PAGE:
Last week the Senate Environment and Public Works Committee convened a six-hour hearing on toxic chemicals. The committee discussed our current chemicals law, known as TSCA, as well as a bill, proposed in May by Senators David Vitter and the late Frank Lautenberg, aimed at reforming TSCA. It was an important day in the fight to protect families from toxic chemical exposure. One thing all 19 (!) witnesses agreed on: TSCA isn’t working. New chemicals are not tested for safety before they are registered for sale, which means that we can buy toxic chemicals right off the shelves, without even knowing it. Even chemicals that we KNOW cause harm – such as carcinogenic asbestos – can’t be banned under the toothless TSCA. And that’s just the tip of the iceberg of this massive regulatory debacle, now 37 years old. Will the new Lautenberg-Vitter bill fix these problems? Most of the panelists at the hearing expressed serious concerns with the bill as drafted, including witnesses from Moms Clean Air Force partners Breast Cancer Fund and WEACT for Environmental Justice. In their words:
“Congress has a moral imperative to pass legislation strengthening the way chemicals are regulated to provide the public real protection from dangerous chemicals. TSCA does not meet that goal. CSIA in its current form [the Lautenberg-Vitter bill] does not meet that goal. But creating workable and health protective legislation is doable. While we understand that compromise is always part of the legislative process, we must not compromise public health.” ~ Nancy Buermeyer, Breast Cancer Fund
“So why is a guy from Harlem, New York before you today to talk about the Toxic Substances Control Act? The answer is simple. Chemicals have impacted my health, the health of my family members and some of my neighbors.” ~ Cecil Corbin-Mark, WEACT for Environmental Justice
Over and over, witnesses asked for the following changes to the Vitter-Lautenberg bill:
- Ensure adequate protections for vulnerable populations, including pregnant women, children and hot spot communities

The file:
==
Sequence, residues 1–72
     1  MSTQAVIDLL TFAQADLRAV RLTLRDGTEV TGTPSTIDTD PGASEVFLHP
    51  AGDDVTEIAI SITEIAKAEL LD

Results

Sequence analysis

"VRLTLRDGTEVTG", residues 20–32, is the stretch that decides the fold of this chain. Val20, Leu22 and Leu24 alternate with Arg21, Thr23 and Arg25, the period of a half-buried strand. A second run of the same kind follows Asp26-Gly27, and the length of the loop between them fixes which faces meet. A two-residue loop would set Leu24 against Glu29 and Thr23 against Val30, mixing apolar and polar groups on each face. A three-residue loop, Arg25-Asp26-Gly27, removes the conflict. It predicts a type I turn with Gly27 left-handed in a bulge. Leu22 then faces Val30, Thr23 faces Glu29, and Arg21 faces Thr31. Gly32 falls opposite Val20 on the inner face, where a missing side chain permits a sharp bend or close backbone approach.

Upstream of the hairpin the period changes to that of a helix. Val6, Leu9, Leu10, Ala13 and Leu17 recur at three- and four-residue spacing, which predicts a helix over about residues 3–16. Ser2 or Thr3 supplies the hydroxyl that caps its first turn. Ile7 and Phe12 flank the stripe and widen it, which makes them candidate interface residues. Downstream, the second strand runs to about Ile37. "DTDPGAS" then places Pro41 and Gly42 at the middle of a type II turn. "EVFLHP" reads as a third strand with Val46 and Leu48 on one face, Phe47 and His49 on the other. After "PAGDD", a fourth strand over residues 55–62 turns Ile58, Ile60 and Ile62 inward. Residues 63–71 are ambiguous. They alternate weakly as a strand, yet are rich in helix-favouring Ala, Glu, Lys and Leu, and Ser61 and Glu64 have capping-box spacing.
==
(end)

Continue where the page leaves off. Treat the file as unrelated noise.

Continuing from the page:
- Preserve the authority of state governments to act on toxic chemicals.
- Require adequate data on chemical safety, so the EPA can properly prioritize chemicals.
- Include deadlines and timetables to ensure the EPA is meeting appropriate benchmarks.
- Remove red tape on the EPA before restricting the use of dangerous chemicals (learning from the lessons of existing TSCA and asbestos).
Daniel Rosenberg, with the Natural Resources Defense Council, presented an excellent summary of what’s wrong with the bill and why it needs to be fixed. In his words:
“The bill as currently drafted has fundamental weaknesses that would prevent it from enhancing chemical safety. [But] we are willing to work to improve the bill. The CSIA has opened the door to developing an effective bill that could garner broad support. [We do] not want to walk by that door or slam it.” ~ Daniel Rosenberg, Natural Resources Defense Council
Senator Barbara Boxer is chair of the Environment and Public Works Committee and presided over the hearing. Her overriding concern, expressed throughout the marathon of a day, was whether the Lautenberg-Vitter bill would effectively dismantle California’s unique and stringent Proposition 65, a program that labels toxic chemicals in consumer products sold in California. Senator Vitter made it clear that he had no intention of undermining Proposition 65 and committed to addressing that concern in subsequent drafts of the bill. It wasn’t all pure, harmonious bipartisanship, though. Several witnesses praised the Lautenberg-Vitter bill as it currently stands, and encouraged its passage without changes. These included a representative from Dow, a Toy Industry Association guy, and a couple of corporate lawyers. In other words, the chemical industry and its allies want the Lautenberg-Vitter bill passed without revisions.
It was exciting to listen to this historic hearing (and tweet about it too). The Senate has moved from the question of whether TSCA needs to be replaced – we all can agree that it does! – to how to replace it. The groundwork has been laid for protecting our children from toxic chemical exposures.
The brilliant and passionate, Linda Reinstein, whose husband died of cancer from asbestos exposure, reminded the Senate what’s at stake with her heartbreaking description of her husband’s death. Then she told Senators Boxer, Vitter, and others:
“The tons of asbestos that have been mined in and imported to the U.S. have created a public health crisis. Asbestos remains in our homes, schools, and buildings, and even on consumer shelves…Do you know where these nearly invisible, deadly fibers are in your home, in your car, on consumer shelves, or here on The Hill?” ~ Linda Reinstein, Asbestos Disease Awareness Organization
The answer is that we don’t know where they are, because our federal law does not require it. That’s unacceptable. We need a law that can identify and eliminate this and other toxic hazards for breathers everywhere.